Anthony Clark has shared stories and music across Missouri and beyond for more than 14 years. Songs from his Parents’ Choice Award-winning CD “Coughin’ In Your Coffin — Sing-along Songs for a Smoke-free Planet” are played on the radio in more than 30 states and in several foreign countries, including Ireland. In addition to school and library appearances, Clark has performed live on numerous radio shows, and he has been featured on the nationally syndicated Dr. Demento Radio Show. He teaches college-level courses in business, economics and sustainability, and he’s published numerous articles and short stories.
Gladys Coggswell brings to the stage a wonderful blend of tradition and performance through her stories of the African-American experience in Missouri and folk tales. In June 2009, the University of Missouri Press published her book, “Stories from the Heart — Missouri’s African-American Heritage.” She has been a long-time teller-in-residence at the Mark Twain Museum in Hannibal, Mo. A four-time master storytelling artist in the Missouri Folk Arts Apprenticeship Program, Coggswell was awarded an Honorary Doctorate from the University of Missouri-St. Louis in 2015.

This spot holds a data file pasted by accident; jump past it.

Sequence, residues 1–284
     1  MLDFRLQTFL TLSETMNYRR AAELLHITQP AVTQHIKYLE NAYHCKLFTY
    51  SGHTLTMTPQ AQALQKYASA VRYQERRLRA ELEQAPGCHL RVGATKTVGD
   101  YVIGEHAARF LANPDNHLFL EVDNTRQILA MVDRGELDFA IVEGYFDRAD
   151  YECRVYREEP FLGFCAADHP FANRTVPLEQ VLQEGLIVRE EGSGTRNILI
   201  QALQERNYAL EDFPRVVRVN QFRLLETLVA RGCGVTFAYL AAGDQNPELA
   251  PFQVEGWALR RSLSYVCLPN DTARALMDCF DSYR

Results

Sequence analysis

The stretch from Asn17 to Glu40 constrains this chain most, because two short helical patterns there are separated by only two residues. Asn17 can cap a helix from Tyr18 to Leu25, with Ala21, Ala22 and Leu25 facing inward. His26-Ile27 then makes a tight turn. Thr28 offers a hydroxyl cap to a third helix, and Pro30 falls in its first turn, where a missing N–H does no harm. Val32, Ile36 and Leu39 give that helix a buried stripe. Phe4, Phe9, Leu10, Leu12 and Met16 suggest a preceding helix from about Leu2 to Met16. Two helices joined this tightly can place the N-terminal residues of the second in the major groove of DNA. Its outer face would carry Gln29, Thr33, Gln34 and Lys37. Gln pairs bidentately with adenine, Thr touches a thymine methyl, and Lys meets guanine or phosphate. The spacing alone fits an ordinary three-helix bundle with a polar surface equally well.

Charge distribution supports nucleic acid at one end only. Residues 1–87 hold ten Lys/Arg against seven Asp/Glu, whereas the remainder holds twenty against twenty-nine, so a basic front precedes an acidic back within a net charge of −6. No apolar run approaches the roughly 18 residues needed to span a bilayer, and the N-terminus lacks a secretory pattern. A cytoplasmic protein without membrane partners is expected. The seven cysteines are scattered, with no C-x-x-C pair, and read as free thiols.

Flavia Everman has been telling stories for the past 20 years or more across the county and internationally. Her focus is on folktales and fairytales as these seem to be the stories that teach a moral or have a specific message for audiences of the past and today. She has told at area schools; festivals, including the St. Louis Renaissance Festival; senior centers; day cares; churches and libraries. She is currently orchestrating a folktale gathering project in Rwanda to help publish and preserve the stories of the country.